Umno punch-drunk on Kool-Aid?

Umno Youth chief Khairy Jamaluddin bared all in an interview with Channel NewsAsia on May 15. When asked about Barisan Nasional’s (BN) defeat in the polls, he said: “Nobody wanted to acknowledge we have a problem. What happened was we became delusional; we got drunk on our own Kool-Aid and we got carried away.”

Drinking Kool-Aid is an expression originating from the Jonestown mass suicide in 1978 where hundreds of members of the People’s Temple movement died after following their leader in drinking Kool-Aid laced with poison.

It means to follow one’s leaders unconditionally with no questions asked. The phrase is often used in political and corporate circles in the US.

Khairy’s use of the phrase is interesting. What was Najib Razak’s concoction? Umno, as a powerful Malay political party, created a world of its own after being in power for more than half a century. Its leaders invented the idea of Malay supremacy and Malay invincibility. All others, Chinese and Indians, were “pendatangs” (immigrants), and lower down the food chain were other ethnic races in East Malaysia, categorised as “dan lain-lain” (and others).

Umno sold the political concept of “Ketuanan Melayu” (Malay supremacy), emphasising Malay pre-eminence in present-day Malaysia. The Malays claimed a special position and special rights, owing to their long domicile in Peninsular Malaysia and under the sultanate rule.

There is no meritocracy in Umno’s Ketuanan Melayu. Across the Causeway in Chinese-majority Singapore, the president is a Malay lady. In Malaysia, according to PAS president Abdul Hadi Awang and Federal Territories mufti Zulkifli Mohamad, only Malay Muslims can become prime minister and deputy prime minister, and occupy key government positions. Dr Mahathir Mohamad bringing in Lim Guan Eng as finance minister is a game changer.

To keep itself in power, the Barisan Nasional (BN) government bulldozed laws through Parliament like Sosma, the NSC, and the Anti-Fake News Act. Police intimidation and MACC harassment was used on opponents like Lim and Mahathir’s wife, Siti Hasmah. The government media was used to humiliate people and show who was in control. There was no such thing as innocent until proven guilty. In contrast, people like former Felda chairman Mohd Isa Samad were treated with kid gloves and even rewarded with a new position.

To strengthen and perpetuate the Ketuanan Melayu concept, Umno leaders proclaimed that Najib was chosen by God.

“I want to tell you that not everyone can be prime minister. There is only one, because Allah chose him, and he is the chosen one,” Umno lawmaker Othman Aziz said at the party’s general assembly in 2015.

Najib even said at the last Umno general assembly that the party would rule for another 1,000 years.

There is a Latin proverb, “Man proposes, and God disposes” – in the end, God decides the right side of things, not politicians.

The inner circles of party leadership insulated their members from the outside reality. They fed them through an elaborate food chain of cushy contracts, money, positions, and rewards to keep them in a trance and buy their loyalty.

When asked what the party could have done to prevent the May 9 rout, Khairy said: “We didn’t want to bell the cat. Nobody, after Muhyiddin was purged, after Shafie was purged … Nobody wanted to acknowledge we have a problem. That was a terrible mistake on our part.”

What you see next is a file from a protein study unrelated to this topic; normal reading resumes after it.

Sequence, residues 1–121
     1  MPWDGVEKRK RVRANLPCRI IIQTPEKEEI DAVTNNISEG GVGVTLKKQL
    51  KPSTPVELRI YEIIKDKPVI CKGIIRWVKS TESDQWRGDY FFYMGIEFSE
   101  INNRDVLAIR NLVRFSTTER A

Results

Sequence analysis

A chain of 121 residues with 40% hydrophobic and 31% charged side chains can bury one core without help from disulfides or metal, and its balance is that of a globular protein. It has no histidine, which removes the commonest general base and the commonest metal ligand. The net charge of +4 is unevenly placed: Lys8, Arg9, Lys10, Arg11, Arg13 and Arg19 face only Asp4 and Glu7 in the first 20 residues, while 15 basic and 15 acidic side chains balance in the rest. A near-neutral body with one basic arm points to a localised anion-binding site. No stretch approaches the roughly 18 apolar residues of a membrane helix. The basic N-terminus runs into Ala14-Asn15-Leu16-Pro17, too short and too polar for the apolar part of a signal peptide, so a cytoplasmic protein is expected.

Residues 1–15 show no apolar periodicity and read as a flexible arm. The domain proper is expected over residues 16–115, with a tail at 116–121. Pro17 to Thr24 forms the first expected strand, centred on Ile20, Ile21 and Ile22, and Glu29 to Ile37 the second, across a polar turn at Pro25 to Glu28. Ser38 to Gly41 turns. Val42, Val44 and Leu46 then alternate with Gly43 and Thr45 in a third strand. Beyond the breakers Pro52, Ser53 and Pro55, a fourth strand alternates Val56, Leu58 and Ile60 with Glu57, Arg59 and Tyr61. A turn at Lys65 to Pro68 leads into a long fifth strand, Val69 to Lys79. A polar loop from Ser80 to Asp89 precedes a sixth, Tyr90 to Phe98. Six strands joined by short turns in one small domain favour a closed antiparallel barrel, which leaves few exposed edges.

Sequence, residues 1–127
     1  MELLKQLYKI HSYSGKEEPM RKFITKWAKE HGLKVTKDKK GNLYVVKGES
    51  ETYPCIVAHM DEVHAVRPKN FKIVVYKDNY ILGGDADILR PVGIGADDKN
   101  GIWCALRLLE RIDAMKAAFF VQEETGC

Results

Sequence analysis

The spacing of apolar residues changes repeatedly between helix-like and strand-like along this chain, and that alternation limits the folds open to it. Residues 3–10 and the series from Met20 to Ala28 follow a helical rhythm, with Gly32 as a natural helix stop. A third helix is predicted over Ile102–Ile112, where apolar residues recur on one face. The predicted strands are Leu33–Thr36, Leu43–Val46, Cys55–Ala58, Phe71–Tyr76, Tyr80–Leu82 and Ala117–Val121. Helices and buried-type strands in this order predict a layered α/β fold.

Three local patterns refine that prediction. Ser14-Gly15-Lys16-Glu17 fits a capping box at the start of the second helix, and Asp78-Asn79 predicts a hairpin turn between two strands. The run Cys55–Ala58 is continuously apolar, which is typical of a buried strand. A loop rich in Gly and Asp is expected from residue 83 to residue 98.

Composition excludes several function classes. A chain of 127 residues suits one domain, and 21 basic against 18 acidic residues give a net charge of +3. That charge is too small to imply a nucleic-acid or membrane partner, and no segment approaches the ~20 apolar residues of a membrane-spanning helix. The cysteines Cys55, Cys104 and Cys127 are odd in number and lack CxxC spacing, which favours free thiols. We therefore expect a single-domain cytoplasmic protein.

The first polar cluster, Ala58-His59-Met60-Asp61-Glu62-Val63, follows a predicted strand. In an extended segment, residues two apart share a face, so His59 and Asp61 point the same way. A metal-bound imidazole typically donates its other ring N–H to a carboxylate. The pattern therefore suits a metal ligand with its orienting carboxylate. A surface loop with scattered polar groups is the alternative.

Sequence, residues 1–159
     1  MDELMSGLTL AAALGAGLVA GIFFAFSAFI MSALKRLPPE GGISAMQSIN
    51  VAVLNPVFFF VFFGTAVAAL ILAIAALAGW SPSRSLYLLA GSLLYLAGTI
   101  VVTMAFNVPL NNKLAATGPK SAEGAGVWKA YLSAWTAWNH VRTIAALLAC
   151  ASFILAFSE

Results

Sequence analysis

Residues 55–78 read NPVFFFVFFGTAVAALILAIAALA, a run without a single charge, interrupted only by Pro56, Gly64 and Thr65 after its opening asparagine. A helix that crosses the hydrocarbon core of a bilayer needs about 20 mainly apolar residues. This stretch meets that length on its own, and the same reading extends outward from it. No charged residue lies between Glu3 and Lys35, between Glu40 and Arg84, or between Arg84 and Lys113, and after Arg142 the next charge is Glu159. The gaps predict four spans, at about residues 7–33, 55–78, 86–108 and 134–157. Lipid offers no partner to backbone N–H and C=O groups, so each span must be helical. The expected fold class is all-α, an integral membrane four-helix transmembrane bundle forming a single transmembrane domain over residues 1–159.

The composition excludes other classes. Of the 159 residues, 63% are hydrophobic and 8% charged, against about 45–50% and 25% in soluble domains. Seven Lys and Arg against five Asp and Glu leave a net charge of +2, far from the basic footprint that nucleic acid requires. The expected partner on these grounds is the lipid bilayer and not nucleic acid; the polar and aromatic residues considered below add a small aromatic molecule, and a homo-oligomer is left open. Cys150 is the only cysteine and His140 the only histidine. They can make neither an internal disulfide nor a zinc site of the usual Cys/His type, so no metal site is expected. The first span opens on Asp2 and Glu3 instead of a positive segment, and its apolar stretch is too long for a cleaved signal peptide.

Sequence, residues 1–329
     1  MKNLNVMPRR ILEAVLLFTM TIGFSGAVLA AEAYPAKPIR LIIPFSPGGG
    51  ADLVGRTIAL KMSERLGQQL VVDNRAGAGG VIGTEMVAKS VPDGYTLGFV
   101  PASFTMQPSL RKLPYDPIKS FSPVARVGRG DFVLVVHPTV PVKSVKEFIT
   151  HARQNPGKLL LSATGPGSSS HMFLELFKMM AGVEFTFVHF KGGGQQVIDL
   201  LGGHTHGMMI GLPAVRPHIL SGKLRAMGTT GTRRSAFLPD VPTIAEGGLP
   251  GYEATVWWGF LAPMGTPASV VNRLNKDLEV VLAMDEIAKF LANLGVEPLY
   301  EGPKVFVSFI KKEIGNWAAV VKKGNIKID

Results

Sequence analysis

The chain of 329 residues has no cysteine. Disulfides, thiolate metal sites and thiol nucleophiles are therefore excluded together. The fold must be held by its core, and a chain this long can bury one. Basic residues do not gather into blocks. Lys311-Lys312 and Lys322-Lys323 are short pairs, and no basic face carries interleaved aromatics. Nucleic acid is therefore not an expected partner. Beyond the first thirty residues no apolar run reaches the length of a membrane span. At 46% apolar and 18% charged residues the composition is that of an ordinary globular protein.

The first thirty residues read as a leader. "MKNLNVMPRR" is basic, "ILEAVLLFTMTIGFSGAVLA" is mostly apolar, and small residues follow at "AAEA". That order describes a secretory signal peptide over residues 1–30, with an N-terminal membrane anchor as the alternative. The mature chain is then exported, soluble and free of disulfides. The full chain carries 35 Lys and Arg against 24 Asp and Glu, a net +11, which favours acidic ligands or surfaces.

The phrase “to bell the cat” comes from a fable, often, and likely, incorrectly attributed to Aesop. “Belling the Cat” tells of a group of mice who decided that one of them would tie a bell to a cat so that its jingle would warn them of the cat’s presence. However, none wanted to take on the dangerous task. Not even Khairy, who led Umno’s youth wing, dared to bell the cat.

Khairy’s confession shows how deep the situation goes. Umno leaders can no longer tell the forest from the trees. They became so involved in the scheme of things that they could not distinguish the truth from the everyday lies they were living.

Khairy said the biggest mistake was failing to speak the truth, to protect Najib. There were clear signals, but they went unheeded, he said.

Umno was protecting or propping up one person, Najib, at the expense of its members and the people. The question we should ask the likes of Khairy, and the three gentlemen from Sabah – Salleh Said Keruak, Rahman Dahlan and Pandikar Amin Mulia – is: was it worth it?

In the end, Umno did not serve the Malays or improve their lot in life. Its leaders served only themselves, and perpetuated the Ketuanan Melayu mindset for their own gain and to control their members. There was no Ketuanan Melayu. It was only a myth. If anything, there was a “Ketuanan Voters”, who kicked out a selfish and corrupt government.

Everybody knows the nursery rhyme: “Humpty Dumpty sat on the wall, Humpty Dumpty had a great fall” – and nobody could put Humpty Dumpty together again.

This rhyme is perhaps the best description of Najib’s spectacular fall from the dizzying heights of fame and fortune to where he is today – barred from even leaving the country. He is now a pale shadow of the once-powerful prime minister of Malaysia. He now joins the ranks of people like Robert Mugabe of Zimbabwe and Jacob Zuma of South Africa. Both were booted from office for corruption and government excesses while in power.

In summary, Khairy said: “This must not happen again, we must not ever allow our leaders in Umno to be detached from reality and not ask tough questions. If we continue with our feudal mindset of protecting the leader from the truth, Umno will go extinct.”

It might already be too late as the remaining batch of Umno leaders did not disassociate themselves from the 1MDB scandal, but continued supporting Najib. Now, they are all tainted by the 1MDB fallout.

Joe Samad is an FMT columnist.

The views expressed are those of the author and do not necessarily reflect those of FMT.